A panel established by Congress to study drug-free schools recommended higher taxes on beer and cigarettes yesterday as a way to curb students' use of alcohol and tobacco, which the panel described as "the most widely used drugs among young people today."
In its final report, the National Commission on Drug-Free Schools suggested that Congress consider using the additional tax revenue to fund an independent "counter-advertising campaign aimed at curbing alcohol and tobacco use by underage youth." California has authorized increases in so-called sin taxes for similar prevention programs.
The 26-member panel, cochaired by Education Secretary Lauro F. Cavazos and outgoing national drug policy director William J. Bennett, concluded that the alcohol and tobacco industries have targeted underage youth "with highly attractive and persuasive promotion techniques," despite voluntary advertising codes against those practices.
The panel recommended that Congress mandate an independent review of tobacco and alcohol advertising by 1992, and said that if the targeting of young people is found to continue, Congress should consider banning ads and promotions for those products. Eight members of Congress sat on the panel, which was formed last year and held hearings around the country.
Increases in federal and state taxes on tobacco and alcohol, the panel argued, would also curb use among young people. "The extremely low cost of beer helps to explain its popularity," the panel said. William Modzeleski, its executive director, said the tax increases contemplated would raise the price of beer by "nickels and cents."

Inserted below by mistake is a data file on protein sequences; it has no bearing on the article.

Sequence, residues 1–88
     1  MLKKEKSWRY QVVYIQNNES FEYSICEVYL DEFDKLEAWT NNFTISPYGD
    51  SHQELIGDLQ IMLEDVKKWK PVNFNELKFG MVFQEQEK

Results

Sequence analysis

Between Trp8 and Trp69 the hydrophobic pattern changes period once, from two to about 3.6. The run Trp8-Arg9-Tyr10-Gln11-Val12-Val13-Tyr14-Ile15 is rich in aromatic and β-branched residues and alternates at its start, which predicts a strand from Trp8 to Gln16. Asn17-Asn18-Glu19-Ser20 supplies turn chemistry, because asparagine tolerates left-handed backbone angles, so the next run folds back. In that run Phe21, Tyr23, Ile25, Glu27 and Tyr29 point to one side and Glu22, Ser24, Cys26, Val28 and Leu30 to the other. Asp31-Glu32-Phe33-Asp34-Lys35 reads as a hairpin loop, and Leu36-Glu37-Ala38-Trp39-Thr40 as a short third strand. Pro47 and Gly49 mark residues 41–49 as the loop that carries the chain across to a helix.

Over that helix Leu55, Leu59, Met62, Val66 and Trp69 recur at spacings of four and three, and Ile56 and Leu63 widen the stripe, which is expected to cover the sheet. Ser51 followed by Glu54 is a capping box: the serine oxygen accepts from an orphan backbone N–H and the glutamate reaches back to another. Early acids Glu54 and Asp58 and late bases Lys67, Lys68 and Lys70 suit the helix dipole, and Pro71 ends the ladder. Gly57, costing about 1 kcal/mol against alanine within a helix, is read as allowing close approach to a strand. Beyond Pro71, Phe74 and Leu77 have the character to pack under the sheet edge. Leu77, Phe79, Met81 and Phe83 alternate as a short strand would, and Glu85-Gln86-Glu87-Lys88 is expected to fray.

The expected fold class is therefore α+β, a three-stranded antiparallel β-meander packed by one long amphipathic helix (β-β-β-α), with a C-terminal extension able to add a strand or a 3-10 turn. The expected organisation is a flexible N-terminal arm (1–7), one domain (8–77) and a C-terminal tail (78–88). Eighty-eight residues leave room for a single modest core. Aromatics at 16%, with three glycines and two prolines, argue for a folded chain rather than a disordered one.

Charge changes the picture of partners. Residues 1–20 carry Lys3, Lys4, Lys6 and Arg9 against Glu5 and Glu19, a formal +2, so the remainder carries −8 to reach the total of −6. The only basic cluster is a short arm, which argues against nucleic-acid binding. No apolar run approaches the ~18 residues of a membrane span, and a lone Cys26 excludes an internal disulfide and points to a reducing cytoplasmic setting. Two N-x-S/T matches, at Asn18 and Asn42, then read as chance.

Representatives of the beer and tobacco industries immediately attacked the panel's proposals, questioning both their constitutionality and likely effectiveness. The industry representatives also challenged the panel's focus on advertising as an influence on student consumption of their products.
"Advertising doesn't affect how you use a product or who uses it," said Jeff Becker, spokesman for the Beer Institute. He said advertising mainly influences which brand a consumer selects.
Thomas Lauria, spokesman for the Tobacco Institute, said Congress has consistently rejected broadening a cigarette advertising ban because "it's just too unconstitutional." No cigarette ads have appeared on television for 20 years.
Becker said "commercial free speech" would be constrained if his industry was required to finance advertising against its own products -- which Modzeleski described as one option.
He also disputed the idea that raising the price of beer would reduce underage use. "The reason that kids drink has very little to do with price. It has a lot to do with peer pressure," he said.